Inter-Mediterranean business took a beating, too, with the exception of vegetable oils and clean petroleum, where strong rates are reported. For instance, 5,000 tons of vegetable oils from two Black Sea ports to two Western Mediterranean ports went in the mid to high $60s per ton compared to similar chemicals parcels that fetched low to mid $40s per ton.

Transatlantic westbound remains flat. The only excitement has come from a batch of pyrolysis gasoline/benzene requirements and a couple of caustic movements. Owners are determined to stop freights from sliding, and even though there is some prompt space available, rates remain in the upper $40s per ton for 5,000 ton cargoes from Rotterdam to Houston. There is not so much happening on base oils into the U.S. Gulf right now, though there is some interest in placing material into the Caribbean.

The amount of new business quoted on the Europe-to-Far East route has diminished to the extent that there are prompt ships sailing through the Mediterranean right now with open space. Freights have declined, but not by that much. From Rotterdam to the principal Far East ports, 5,000 ton parcels attract offers in the mid $80s per ton. The Europe to India to Middle East Gulf route is tight on space for prompt loading. Numbers are being seen in the low to mid $80s per ton for 5,000 ton parcels shipped from Rotterdam to the West Coast of India, for example. Base oils do not feature much this week, however.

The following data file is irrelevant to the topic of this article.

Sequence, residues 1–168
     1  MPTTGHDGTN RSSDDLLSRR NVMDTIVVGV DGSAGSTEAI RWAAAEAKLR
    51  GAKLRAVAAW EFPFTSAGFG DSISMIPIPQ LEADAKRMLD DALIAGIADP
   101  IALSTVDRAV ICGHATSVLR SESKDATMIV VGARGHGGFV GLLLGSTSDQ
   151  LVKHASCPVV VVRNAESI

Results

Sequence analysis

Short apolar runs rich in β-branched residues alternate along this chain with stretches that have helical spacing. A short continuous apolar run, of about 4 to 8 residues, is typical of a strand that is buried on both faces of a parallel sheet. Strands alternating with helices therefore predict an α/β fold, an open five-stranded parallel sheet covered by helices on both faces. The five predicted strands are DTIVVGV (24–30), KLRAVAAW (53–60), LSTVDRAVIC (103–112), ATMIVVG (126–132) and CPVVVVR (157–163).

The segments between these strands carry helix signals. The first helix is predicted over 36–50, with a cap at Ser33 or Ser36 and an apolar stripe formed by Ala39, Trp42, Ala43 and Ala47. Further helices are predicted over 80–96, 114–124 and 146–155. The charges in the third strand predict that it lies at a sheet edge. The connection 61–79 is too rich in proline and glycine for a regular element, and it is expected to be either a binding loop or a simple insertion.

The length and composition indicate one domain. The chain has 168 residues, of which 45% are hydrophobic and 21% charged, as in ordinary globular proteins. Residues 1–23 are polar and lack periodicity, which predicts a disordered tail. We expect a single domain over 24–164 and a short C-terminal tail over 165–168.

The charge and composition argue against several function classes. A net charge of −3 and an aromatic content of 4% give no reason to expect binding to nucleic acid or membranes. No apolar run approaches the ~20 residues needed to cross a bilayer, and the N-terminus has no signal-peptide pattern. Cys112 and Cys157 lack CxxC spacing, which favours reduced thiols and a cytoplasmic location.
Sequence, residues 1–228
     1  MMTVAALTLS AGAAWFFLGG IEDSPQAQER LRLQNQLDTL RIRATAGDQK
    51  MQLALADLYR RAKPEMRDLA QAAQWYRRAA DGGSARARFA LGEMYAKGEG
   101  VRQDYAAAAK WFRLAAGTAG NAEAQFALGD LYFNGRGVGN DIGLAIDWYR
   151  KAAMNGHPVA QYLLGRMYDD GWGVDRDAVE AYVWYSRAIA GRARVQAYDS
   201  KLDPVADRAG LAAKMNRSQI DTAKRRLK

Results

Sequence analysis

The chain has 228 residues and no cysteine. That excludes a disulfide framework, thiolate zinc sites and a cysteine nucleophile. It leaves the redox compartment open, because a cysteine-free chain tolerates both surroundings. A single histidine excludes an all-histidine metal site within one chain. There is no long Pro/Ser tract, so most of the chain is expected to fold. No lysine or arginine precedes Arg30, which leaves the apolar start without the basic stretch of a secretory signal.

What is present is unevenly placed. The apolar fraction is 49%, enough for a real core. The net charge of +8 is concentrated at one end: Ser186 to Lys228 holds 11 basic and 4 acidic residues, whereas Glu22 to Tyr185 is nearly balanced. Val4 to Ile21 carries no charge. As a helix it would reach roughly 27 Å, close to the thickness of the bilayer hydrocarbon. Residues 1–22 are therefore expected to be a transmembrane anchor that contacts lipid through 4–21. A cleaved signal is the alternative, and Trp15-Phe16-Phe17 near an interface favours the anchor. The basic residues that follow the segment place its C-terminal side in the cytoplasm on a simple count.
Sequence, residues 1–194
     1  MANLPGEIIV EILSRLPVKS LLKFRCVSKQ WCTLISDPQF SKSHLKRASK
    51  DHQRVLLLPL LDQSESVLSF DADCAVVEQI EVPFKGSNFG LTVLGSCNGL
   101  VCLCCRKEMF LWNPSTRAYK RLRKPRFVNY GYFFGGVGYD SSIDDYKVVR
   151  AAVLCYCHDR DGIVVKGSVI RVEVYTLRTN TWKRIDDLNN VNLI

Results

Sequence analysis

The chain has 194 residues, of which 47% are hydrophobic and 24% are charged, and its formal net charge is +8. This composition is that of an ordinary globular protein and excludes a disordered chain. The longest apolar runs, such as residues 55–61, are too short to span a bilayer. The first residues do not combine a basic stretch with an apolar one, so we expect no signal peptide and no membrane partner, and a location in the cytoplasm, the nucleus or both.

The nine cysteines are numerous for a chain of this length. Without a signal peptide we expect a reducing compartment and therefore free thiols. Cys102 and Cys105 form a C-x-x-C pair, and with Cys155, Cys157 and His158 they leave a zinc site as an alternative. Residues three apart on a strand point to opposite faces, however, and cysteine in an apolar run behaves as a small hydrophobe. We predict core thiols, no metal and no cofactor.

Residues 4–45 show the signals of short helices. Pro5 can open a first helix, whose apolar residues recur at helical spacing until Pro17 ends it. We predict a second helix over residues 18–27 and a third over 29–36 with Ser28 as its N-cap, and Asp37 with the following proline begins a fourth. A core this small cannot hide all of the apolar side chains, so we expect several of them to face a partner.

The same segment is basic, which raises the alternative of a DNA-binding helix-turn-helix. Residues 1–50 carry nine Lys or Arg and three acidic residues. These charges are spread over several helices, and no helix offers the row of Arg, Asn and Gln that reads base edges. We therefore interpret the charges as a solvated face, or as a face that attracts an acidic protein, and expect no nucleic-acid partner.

Asia
The domestic Asian market is seeing a reasonable amount of demand overall, but the multiple cargoes of aromatics to China are missing. This has caused rates to solidify on the key intra-Far East routes. A number of small ships are open or have part space within this area.

Export business, however, has made some progress, and there has been more benzene fixed to the United States, for example, over the past 10 days. Rates are nothing dramatic, typically low to mid $50s per ton for 5,000 ton lots and even down into the $40s per ton for the very large quantities into the U.S. Gulf.

However, palm oil freights have lifted somewhat and we see levels back into the $80s per ton for 15,000 ton cargoes into the Mediterranean. There seems to be a steady demand for base oils to Europe, although the number of fixtures will be limited due to the availability of material in Asia.

Rates are in the $90s and low $100s per ton for typical volumes from Korea and South East Asia since the space has to compete with palm oil or biodiesel.

India, Pakistan and the Middle East Gulf have all become sources of base oil for traders wishing to supply Turkey in particular. Freights have come down a bit for smaller parcels compared to a month or so ago, and it is now possible to book 2,000 to 3,000 ton cargoes from the West Coast of India to the Eastern Mediterranean for $120 to 125 per ton.

Adrian Brown is senior market analyst for chemicals and base oils with SSY Shipbrokers, London. Information about SSY can be found at www.ssyonline.com. Adrian Brown, in the U.K., can be reached at fix@ssychems.com or by phone at +44 1207-507507. In the London office SSYs Jordi Maymi can be reached at fix@ssychems.com or +44 20 7977 7560.